Relax. With a bit of planning, you can streamline the process of keeping all of your Social Web accounts fresh and engaging without breaking your back or the bank or taking away from the writing that you love to do. The trick is to make your social accounts work together. Most social sites use the concept of open source to make it easy for developers to write applications that enhance the features of the site. For our purposes, we will look at applications that can help us streamline our existing presence in the Social Web.
To demonstrate streamlining the process, I’ll start with an example. Imagine that you have the following social media tools and accounts already in place on the Social Web:
- A WordPress Blog
- A Facebook Profile
- A Facebook Page
- A MySpace Profile
- A Twitter Account
- A YouTube Account
- A Flickr Account
- An Upcoming.org Account
- A GoodReads Account
Your 6 Step Streamlining Plan
Generally, you want to investigate and implement ways to integrate these tools and Websites.
Step 1. Optimize Your Blog Feed
The first step in streamlining your Social Web presence is burning your blog’s feed to Feedburner. This is a free service that will help you manage and track your feed subscriptions easily. Once your feed is burned to FeedBurner, note the URL of your new feed. It will look something like this: http://feeds.feedburner.com/MyBookName.
Step 2. Feed Your Blog
Now, you want to make sure you're getting the most mileage from your blog posts. To do this, feed your blog entries into all of your social accounts that offer blog feeding applications. Remember that each social site may provide its own different way of accomplishing this.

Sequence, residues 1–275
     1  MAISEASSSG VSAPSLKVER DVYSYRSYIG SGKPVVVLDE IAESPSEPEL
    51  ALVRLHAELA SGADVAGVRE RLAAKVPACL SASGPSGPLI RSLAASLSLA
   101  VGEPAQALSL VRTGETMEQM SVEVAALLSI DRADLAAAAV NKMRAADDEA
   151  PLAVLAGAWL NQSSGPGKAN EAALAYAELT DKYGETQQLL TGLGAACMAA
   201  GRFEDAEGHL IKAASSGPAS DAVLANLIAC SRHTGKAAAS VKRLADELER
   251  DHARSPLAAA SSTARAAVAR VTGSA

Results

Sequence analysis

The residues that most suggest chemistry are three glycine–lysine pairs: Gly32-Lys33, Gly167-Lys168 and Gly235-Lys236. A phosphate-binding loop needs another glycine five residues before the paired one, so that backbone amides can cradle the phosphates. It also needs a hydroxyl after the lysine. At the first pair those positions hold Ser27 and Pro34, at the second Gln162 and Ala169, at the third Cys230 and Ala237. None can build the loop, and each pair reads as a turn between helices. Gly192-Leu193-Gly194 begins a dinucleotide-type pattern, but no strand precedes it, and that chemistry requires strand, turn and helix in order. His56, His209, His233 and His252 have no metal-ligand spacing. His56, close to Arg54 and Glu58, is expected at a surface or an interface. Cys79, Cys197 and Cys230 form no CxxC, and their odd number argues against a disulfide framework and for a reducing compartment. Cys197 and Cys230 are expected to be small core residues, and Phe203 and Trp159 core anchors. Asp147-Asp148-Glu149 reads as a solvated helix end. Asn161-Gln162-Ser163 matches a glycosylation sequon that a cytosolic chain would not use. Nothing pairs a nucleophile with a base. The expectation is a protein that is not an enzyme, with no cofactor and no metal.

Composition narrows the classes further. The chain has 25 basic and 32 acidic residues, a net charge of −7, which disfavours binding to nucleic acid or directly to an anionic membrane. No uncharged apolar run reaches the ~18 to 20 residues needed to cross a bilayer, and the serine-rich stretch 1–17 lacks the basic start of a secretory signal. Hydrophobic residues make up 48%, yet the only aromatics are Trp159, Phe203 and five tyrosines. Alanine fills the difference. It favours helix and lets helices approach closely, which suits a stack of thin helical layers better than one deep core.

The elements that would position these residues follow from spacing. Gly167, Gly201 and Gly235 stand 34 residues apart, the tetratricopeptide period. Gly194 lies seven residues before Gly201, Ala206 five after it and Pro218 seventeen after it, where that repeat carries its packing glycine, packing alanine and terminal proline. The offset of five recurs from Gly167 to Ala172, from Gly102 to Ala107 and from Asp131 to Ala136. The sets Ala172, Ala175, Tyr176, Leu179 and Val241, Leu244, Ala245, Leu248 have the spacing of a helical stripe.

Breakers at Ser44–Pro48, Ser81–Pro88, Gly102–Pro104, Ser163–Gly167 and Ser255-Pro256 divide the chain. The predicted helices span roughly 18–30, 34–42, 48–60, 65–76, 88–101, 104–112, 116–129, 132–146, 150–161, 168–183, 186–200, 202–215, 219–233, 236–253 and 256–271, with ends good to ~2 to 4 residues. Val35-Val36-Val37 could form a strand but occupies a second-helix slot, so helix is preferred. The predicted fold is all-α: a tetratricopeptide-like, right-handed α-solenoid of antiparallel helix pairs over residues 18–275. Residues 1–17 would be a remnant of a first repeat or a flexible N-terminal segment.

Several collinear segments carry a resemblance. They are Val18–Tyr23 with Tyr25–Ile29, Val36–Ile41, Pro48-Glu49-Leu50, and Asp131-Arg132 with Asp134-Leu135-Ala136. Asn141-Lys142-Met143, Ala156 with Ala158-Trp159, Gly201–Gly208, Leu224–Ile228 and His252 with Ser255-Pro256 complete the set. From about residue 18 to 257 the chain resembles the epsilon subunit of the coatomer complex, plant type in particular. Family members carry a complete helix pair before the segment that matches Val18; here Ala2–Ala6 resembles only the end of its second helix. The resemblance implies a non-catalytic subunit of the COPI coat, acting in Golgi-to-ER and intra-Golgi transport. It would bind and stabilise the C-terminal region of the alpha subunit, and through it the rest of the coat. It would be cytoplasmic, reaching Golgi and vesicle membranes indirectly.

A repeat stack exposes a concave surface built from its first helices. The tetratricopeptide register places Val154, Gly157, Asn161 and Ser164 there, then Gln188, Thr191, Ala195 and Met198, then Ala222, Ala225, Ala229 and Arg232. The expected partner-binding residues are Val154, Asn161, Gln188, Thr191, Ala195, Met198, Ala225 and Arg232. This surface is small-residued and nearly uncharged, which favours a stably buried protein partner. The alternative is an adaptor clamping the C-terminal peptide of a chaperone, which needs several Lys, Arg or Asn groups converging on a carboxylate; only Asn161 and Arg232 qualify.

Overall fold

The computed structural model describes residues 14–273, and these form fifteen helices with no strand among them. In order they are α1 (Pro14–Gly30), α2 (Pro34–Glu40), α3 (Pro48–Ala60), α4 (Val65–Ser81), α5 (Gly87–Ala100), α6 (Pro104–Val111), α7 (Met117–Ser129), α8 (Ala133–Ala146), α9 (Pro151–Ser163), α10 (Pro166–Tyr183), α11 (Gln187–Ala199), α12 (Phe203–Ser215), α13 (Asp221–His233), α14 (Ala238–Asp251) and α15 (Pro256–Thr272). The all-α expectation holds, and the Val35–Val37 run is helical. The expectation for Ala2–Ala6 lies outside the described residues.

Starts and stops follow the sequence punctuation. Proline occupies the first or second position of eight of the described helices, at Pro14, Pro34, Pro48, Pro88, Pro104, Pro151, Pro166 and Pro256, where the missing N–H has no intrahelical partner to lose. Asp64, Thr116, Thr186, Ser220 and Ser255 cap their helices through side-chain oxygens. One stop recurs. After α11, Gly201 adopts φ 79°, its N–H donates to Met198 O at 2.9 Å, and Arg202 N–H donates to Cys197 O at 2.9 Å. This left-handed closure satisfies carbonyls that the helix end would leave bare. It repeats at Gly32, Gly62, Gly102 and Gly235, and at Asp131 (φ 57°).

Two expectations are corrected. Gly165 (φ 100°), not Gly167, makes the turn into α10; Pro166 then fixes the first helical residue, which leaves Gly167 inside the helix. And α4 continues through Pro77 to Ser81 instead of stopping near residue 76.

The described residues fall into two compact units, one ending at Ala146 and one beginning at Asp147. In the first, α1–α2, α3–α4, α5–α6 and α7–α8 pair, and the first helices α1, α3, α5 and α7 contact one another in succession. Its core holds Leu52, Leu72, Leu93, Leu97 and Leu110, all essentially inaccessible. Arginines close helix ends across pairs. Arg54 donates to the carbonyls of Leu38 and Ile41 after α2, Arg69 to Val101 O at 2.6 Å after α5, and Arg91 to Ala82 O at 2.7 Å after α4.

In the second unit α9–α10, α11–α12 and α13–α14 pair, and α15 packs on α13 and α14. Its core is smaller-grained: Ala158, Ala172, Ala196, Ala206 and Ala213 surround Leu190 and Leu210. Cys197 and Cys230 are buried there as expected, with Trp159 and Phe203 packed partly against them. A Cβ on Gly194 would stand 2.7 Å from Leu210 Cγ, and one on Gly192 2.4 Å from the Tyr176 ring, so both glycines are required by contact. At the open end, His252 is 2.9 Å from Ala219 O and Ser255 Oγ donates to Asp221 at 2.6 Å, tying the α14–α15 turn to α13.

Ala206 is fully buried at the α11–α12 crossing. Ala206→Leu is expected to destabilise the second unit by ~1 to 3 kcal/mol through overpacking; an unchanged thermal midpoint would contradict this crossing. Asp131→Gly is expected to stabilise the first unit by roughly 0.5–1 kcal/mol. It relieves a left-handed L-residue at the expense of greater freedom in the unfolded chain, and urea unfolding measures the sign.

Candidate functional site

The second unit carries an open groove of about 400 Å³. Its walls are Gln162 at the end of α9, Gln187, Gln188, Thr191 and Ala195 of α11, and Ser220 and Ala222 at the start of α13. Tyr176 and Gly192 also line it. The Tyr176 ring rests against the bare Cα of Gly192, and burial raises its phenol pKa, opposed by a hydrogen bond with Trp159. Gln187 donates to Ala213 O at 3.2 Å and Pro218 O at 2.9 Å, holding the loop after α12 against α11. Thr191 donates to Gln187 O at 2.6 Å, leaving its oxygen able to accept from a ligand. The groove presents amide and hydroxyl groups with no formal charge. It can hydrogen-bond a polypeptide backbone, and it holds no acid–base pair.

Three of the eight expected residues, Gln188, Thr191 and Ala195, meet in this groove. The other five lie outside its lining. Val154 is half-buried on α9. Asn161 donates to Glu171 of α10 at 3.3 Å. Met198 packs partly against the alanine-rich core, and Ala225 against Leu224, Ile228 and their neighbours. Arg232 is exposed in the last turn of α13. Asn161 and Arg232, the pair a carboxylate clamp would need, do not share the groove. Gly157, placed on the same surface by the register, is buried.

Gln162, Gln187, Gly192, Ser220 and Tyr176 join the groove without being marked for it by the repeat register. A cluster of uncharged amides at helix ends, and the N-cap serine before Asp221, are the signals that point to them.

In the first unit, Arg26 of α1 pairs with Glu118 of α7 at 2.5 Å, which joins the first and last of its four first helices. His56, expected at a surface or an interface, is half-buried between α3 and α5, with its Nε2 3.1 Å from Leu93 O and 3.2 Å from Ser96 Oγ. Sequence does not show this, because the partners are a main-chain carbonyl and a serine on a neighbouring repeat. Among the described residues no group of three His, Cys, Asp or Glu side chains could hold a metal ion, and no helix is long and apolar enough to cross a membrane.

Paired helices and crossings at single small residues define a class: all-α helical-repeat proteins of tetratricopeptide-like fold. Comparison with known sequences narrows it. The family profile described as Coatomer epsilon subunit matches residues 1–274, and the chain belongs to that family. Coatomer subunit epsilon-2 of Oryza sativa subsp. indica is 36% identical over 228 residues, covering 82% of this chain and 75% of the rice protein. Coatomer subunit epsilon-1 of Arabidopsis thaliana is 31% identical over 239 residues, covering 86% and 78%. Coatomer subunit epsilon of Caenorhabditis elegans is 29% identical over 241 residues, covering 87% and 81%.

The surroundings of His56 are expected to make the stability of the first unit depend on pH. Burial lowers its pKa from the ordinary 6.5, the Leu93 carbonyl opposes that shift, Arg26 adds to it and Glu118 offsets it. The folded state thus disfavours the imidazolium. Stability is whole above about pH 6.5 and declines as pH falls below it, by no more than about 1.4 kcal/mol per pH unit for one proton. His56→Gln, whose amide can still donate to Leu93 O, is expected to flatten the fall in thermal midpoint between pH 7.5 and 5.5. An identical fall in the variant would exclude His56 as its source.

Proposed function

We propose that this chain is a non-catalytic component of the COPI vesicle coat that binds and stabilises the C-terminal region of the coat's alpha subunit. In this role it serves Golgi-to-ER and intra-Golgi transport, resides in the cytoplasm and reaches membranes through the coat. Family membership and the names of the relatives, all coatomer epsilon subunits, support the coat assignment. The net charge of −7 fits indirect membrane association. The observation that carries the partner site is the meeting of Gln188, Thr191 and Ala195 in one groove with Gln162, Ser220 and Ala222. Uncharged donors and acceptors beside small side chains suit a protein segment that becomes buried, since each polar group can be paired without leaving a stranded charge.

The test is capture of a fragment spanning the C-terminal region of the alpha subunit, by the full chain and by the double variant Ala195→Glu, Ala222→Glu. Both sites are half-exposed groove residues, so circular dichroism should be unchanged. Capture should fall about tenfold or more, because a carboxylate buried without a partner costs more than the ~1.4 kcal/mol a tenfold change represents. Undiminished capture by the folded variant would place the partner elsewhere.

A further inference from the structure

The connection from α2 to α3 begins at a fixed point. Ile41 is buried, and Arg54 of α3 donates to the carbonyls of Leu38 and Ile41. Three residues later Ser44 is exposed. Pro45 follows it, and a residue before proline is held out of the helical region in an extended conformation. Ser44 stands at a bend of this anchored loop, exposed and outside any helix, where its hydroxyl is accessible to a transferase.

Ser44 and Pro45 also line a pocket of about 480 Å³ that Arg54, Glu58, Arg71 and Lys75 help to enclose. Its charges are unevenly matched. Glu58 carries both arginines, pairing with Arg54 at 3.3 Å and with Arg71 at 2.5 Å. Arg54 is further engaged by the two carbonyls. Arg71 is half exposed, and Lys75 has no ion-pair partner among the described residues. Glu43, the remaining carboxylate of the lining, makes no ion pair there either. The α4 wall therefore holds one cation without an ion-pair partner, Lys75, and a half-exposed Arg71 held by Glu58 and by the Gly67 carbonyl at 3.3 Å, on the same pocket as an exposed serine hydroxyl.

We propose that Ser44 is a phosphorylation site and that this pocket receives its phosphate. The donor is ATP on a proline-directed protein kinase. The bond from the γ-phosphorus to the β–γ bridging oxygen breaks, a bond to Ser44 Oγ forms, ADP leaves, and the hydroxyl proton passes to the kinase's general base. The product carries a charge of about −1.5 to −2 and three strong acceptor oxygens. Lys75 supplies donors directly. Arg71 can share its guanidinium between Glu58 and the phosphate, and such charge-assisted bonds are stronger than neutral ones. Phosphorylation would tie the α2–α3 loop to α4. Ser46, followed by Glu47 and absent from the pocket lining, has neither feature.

Facebook, for example, allows you to feed blogs into the “Notes” section of your Facebook page. Click “Edit” in the Notes box of your Facebook page and find the option that allows you to import notes from an external blog.
Feeding blog entries into MySpace is a little different. Find and add the application “RSS Reader.” You can access many MySpace applications by clicking “More/Apps Gallery” from the main menu of your MySpace homepage.
It is possible to feed your blog posts into Twitter, but blog posts are typically too long for this purpose. Read on, and I will clue you in to a better solution for streamlining your microblog entries.
Check all your other social networking accounts for similar applications. Good search terms to use for this task are RSS feed or blog import. If you can’t find a way to search the available applications, or if the networking site does not have them, try searching the support forums.
Step 3. Maximize the Use of Your Multimedia
Maximize the exposure of your images (book cover) and video clips by adding galleries and badges to your blog or Website, and by feeding your images and videos into your social networking profiles and pages.
WordPress offers many plugins for integrating Flickr images. My favorite right now is Flickr Tag, a plugin that allows you to easily place your Flickr images right into your blog posts, and create galleries by posting entire Flickr sets.
A Flickr badge is a snippet of Flash or HTML code that you can place on the sidebar of your Website or blog that will pull in and highlight random or specific photos from your Flickr account. To generate the code for your Flickr badge, sign into your account and go to this URL: http://www.flickr.com/badge.gne.